Radboud University

Student story: Lisa - Radboud Honours Academy

Lisa Hilti tells us about her experience as an Honours Student at Radboud University.


Lisa Hilti, a Master’s student in International Business Communication

“Would you like to gain insight and work on a problem on a current, socially relevant theme in a multidisciplinary team? Here’s your chance!”. This was the first paragraph of the email that Lisa Maria Hilti, at that time a pre-Master student in International Business Communication, received one Monday morning. She continued reading the email and learnt about Radboud Honours Academy, an educational environment that offers additional programmes and projects to students that would like to gain additional educational experience next to their studies.

The email that Lisa had received was about Project Impact, a programme offered to Master’s students. The project that interested her the most was on climate change. “I have always been interested in environmental issues, and I got really excited to do a project that would allow me to contribute something to this issue. The project was assigned by the Ministry of Foreign Affairs: that was really cool!”

“It’s my last year as a student, so I wanted to take advantage of all the opportunities Radboud had to offer.”

Lisa saw it as an interesting opportunity not solely because the theme was interesting, but also she would have a chance to work in an interdisciplinary team.  They have group projects in her regular studies as well, but all of them are related to business communication, and the students are from the same discipline as Lisa. “My Honours group is really diverse: from psychology and spatial planning to communications and biomedical sciences. I think it’s a great chance to meet new people and learn how various scientific approaches can be applied to one question”.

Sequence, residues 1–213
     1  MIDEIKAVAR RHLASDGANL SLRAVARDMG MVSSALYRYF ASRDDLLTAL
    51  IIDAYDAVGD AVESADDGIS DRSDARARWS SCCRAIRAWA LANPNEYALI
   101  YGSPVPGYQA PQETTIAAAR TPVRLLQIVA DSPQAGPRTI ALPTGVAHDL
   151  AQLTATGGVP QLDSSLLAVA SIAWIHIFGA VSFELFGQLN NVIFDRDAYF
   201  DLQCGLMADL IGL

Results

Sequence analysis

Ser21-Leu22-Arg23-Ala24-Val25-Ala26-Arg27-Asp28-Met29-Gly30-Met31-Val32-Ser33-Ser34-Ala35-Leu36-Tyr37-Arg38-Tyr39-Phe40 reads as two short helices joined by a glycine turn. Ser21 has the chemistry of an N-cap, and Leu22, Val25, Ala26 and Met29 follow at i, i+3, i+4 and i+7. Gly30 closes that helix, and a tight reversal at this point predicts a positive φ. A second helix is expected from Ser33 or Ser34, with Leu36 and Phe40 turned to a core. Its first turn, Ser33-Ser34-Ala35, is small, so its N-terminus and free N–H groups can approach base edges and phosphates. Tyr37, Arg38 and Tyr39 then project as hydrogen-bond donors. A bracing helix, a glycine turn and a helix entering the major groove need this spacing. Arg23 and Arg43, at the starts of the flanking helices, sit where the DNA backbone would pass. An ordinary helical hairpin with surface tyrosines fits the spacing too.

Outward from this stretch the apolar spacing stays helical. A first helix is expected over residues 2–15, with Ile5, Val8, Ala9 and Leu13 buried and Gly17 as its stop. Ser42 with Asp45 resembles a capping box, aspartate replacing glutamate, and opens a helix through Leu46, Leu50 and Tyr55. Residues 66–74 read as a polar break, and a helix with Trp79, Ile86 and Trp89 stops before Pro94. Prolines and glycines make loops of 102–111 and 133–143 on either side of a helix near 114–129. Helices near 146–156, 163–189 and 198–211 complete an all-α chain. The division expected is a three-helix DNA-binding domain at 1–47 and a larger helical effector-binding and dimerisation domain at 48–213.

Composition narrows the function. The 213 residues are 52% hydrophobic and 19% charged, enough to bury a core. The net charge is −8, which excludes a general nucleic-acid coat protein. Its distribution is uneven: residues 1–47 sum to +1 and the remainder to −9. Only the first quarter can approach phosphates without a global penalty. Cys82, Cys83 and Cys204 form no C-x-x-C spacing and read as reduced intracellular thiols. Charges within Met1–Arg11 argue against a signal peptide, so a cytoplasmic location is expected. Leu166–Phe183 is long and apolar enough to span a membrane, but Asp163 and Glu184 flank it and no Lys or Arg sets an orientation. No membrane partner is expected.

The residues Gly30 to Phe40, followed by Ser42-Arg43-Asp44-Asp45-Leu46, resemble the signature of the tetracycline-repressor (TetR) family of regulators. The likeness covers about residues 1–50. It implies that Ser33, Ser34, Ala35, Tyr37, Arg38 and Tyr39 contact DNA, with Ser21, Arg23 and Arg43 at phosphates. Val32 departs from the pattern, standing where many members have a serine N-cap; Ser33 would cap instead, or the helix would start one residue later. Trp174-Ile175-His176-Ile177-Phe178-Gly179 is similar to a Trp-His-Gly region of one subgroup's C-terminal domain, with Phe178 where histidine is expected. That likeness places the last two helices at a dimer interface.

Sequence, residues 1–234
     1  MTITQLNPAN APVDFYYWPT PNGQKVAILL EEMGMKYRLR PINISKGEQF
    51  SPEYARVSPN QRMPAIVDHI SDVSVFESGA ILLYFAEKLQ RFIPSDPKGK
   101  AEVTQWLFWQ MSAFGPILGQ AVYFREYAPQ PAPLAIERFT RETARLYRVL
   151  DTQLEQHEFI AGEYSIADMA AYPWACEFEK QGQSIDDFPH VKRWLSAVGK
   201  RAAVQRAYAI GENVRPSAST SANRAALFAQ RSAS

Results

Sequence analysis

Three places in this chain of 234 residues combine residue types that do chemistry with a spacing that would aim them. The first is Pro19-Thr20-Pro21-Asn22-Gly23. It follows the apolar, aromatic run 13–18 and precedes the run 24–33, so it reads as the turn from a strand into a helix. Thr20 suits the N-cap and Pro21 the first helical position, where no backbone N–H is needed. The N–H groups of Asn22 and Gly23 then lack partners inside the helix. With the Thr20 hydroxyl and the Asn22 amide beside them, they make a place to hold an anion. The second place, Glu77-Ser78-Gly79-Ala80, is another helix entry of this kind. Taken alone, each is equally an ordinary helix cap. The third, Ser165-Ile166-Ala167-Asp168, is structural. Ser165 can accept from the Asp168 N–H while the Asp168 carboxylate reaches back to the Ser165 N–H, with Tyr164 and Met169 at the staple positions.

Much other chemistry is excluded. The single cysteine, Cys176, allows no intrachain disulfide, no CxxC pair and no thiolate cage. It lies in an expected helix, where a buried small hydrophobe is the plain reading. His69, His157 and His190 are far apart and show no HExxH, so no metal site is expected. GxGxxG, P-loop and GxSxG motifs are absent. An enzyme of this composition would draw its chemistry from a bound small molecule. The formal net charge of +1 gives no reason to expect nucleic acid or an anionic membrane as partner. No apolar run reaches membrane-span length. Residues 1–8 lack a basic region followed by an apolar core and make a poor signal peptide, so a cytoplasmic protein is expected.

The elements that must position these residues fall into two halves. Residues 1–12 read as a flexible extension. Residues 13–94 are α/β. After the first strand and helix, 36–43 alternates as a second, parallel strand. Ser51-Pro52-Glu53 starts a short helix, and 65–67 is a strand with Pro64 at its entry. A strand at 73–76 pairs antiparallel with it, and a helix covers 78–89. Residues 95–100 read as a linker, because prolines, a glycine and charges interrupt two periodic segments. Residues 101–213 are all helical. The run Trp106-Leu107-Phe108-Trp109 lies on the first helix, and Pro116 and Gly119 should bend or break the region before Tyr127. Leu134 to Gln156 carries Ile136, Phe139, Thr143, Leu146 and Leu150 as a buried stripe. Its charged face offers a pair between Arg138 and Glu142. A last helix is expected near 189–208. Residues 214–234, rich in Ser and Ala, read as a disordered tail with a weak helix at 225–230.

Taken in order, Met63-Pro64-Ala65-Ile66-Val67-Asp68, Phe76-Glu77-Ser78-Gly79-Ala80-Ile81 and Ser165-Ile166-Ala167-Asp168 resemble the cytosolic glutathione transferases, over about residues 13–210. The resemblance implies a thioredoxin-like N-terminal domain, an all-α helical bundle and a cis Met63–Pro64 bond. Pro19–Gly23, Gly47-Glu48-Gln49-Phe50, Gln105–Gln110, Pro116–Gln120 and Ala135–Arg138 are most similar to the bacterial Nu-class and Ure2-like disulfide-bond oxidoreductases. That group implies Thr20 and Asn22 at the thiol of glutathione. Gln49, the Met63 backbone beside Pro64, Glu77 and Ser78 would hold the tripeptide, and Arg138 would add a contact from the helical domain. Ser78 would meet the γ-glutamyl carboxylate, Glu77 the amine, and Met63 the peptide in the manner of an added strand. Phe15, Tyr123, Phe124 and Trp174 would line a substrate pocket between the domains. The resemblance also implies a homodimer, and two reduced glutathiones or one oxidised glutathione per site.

The current phase of their project is the literature search. The team wants to know about the theme as much as possible

“If I had to sum up the goal of our project in one sentence, it would be something like: How can we generate more private sector investments in tropical forest conservation by means of blended finance?”

The group is still in the process of learning about the theme. Lisa said only one out of the eight members studies something related to finance. “Right now we are doing a literature search on the topic. I’m glad that all of us have different backgrounds, and I think that the synergy of our knowledge and skills will bring fruitful results.”

What is it like to be an Honours student? Do they also attend lectures and write assignments? Are they all straight-A students? How does the Honours programme differ from regular studies? “I realized from the very beginning that this programme was going to differ from other courses I had taken before. First of all, we didn’t meet on campus or online, but rather had to travel to Ravenstein for a kick-off day where we’d meet our team members and supervisors.” During the kick-off day, they also had an online meeting with their client and learnt more about the topic.

“We played some team building games that helped us learn more about each other and become less distant. For instance, we were divided into smaller groups and had to find as many similarities between us as possible. We also had another task where we had to build a tower from spaghetti and marshmallows. That was fun”.

It is not necessary to have high grades to become an Honours student. What is important is motivation and the ability to combine it with regular studies. “What I like about this programme is that we have the freedom to decide how to execute our plan. Although our supervisors and the client set up deadlines for us and advise us if we need them, they do not tell us what we should do: we’re the ones responsible for the project.”


Lisa in the Central Library of Radboud University

“I think the experience I get by doing this project will be really helpful for my career. Communication experts usually do not work on their own, but rather interact with people from different departments, which might bring to conflicts about approaches. This is not just another 'academic' project at the university - it has a direct connection to a societally relevant issue and we are speaking with experts in the field, so we are not working in the 'academic bubble

According to Lisa, stepping out of one’s comfort zone by doing projects like this will develop students. “I definitely recommend doing Honours. You’ll get to know different people, get extra experience next to your regular studies, and just have fun.”

Author: Knar Ohanjanyan